Using the Web-Browser Interface for the First Time

Use the wireless device's IP address to browse to the management system. See the "Obtaining and Assigning an IP Address" section on page 2-3 for instructions on assigning an IP address to the wireless device. Follow these steps to begin using the web-browser interface:


Step 1 Start the browser.

Step 2 Enter the wireless device's IP address in the browser Location field (Netscape Communicator) or Address field (Internet Explorer) and press Enter. The Summary Status page appears.


Using the Management Pages in the Web-Browser Interface

The system management pages use consistent techniques to present and save configuration information. A navigation bar is on the left side of the page, and configuration action buttons appear at the bottom. You use the navigation bar to browse to other management pages, and you use the configuration action buttons to save or cancel changes to the configuration.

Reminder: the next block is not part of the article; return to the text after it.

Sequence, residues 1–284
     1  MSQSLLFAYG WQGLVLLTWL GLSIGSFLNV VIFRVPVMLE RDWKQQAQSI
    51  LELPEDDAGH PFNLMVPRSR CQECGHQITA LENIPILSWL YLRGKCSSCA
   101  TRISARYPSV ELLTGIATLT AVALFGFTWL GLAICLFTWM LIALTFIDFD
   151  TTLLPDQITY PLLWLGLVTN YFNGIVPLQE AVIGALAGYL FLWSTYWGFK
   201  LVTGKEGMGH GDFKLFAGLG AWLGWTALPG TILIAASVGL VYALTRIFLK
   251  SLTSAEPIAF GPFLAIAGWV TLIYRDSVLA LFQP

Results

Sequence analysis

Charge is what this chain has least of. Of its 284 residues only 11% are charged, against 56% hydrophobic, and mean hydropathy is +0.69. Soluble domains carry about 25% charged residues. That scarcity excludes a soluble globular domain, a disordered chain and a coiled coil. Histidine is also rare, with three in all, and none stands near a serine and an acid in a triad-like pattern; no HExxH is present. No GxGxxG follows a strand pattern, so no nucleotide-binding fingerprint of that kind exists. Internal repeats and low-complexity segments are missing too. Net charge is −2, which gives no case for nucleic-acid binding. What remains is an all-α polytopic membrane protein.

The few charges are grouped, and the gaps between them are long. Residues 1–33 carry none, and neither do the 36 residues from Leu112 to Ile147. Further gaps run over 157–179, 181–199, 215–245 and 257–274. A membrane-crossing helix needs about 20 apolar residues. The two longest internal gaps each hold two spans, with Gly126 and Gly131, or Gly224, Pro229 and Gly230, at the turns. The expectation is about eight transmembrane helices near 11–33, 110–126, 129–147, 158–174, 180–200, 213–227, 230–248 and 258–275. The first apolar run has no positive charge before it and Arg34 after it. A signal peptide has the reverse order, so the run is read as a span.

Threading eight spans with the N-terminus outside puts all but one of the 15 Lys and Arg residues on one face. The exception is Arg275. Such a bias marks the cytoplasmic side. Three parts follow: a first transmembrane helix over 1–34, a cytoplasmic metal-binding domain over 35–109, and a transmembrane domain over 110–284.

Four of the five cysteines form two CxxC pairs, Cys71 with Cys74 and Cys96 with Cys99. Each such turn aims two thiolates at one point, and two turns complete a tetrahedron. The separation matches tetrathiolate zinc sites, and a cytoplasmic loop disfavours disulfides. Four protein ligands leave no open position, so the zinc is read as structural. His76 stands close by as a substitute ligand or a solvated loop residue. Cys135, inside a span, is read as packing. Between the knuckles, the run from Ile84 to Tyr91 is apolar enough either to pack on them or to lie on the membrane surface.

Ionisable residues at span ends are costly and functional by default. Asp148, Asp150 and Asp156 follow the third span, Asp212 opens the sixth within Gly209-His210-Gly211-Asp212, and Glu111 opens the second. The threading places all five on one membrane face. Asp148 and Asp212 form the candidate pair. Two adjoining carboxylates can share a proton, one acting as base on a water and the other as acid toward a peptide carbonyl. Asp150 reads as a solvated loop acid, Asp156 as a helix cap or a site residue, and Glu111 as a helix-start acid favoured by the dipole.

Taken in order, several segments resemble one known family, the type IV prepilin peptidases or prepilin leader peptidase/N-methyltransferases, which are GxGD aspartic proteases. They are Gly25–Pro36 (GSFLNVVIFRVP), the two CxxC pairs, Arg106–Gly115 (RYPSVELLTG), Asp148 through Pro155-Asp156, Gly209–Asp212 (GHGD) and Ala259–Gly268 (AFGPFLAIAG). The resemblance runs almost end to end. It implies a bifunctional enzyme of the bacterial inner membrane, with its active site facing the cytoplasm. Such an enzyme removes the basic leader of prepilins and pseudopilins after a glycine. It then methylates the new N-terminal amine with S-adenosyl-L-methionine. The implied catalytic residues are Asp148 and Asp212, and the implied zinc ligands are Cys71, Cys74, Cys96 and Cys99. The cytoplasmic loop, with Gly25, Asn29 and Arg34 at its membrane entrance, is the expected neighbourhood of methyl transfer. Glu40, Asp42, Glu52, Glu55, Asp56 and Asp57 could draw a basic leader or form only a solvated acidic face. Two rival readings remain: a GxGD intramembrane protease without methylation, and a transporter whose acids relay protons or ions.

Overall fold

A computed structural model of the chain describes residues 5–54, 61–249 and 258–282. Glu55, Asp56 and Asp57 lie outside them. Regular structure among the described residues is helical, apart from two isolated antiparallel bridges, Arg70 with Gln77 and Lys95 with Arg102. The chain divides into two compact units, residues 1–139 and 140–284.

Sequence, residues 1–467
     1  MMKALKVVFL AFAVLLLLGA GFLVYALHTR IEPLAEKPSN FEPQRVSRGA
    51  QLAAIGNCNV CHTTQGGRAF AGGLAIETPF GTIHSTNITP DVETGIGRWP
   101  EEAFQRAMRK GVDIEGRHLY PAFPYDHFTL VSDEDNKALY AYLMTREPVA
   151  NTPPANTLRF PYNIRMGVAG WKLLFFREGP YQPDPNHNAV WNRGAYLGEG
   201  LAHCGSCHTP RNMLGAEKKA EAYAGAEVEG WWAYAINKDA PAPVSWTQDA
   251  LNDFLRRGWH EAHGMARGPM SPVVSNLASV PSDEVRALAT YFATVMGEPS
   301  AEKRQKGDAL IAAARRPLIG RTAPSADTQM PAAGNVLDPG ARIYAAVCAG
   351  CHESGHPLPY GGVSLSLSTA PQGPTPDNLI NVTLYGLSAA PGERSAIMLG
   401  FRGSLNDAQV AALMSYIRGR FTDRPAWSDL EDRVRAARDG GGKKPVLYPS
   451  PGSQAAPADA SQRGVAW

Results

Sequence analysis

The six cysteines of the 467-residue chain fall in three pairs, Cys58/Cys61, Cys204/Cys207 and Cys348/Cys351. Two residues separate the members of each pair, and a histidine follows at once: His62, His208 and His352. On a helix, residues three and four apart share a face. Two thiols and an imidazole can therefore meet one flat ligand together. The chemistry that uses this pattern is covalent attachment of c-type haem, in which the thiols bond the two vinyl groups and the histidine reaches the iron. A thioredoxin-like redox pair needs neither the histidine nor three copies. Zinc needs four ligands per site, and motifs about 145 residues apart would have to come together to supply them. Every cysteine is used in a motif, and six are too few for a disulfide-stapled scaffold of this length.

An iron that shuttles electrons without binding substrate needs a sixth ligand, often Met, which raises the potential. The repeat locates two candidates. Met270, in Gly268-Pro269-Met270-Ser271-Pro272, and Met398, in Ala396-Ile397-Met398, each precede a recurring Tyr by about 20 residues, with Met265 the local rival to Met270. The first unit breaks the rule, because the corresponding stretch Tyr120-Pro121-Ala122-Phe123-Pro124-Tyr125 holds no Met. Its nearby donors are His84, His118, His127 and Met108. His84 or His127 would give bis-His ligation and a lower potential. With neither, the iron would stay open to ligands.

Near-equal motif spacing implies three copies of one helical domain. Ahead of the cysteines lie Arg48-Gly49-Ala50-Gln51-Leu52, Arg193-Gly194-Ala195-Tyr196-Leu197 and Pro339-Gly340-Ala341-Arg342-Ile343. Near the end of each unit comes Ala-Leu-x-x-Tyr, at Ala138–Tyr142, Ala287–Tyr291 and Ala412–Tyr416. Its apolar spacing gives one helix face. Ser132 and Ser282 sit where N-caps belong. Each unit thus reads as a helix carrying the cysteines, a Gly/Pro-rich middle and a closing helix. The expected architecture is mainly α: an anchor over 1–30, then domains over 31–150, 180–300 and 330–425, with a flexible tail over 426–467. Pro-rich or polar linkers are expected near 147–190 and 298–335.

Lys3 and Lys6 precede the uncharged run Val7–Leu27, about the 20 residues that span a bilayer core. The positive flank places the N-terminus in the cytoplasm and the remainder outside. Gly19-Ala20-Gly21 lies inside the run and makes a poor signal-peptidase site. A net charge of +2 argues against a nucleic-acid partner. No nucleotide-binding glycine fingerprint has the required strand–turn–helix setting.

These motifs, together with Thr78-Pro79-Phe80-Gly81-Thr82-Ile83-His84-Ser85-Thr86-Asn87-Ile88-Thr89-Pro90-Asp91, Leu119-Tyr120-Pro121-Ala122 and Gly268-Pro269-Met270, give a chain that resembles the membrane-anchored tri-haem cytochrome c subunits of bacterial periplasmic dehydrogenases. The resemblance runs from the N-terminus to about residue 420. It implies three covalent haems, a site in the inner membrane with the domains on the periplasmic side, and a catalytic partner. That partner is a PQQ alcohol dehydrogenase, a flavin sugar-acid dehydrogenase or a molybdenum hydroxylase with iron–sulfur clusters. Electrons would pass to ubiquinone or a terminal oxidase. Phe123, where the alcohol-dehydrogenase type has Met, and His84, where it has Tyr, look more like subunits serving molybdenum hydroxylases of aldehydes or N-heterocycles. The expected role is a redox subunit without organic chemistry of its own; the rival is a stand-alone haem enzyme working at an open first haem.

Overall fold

Note It is important to remember that clicking your web-browser's Back button returns you to the previous page without saving any changes you have made. Clicking Cancel cancels any changes you made on the page and keeps you on that page. Changes are only applied when you click Apply.


Figure 3-1 shows the web-browser interface home page.

Figure 3-1 Web-Browser Interface Home Page

Using Action Buttons

Table 3-1 lists the page links and buttons that appear on most management pages.

Table 3-1 Common Buttons on Management Pages 

Button/Link
Description
Navigation Links

Home

Displays wireless device status page with information on the number of radio devices associated to the wireless device, the status of the Ethernet and radio interfaces, and a list of recent wireless device activity.

Express Setup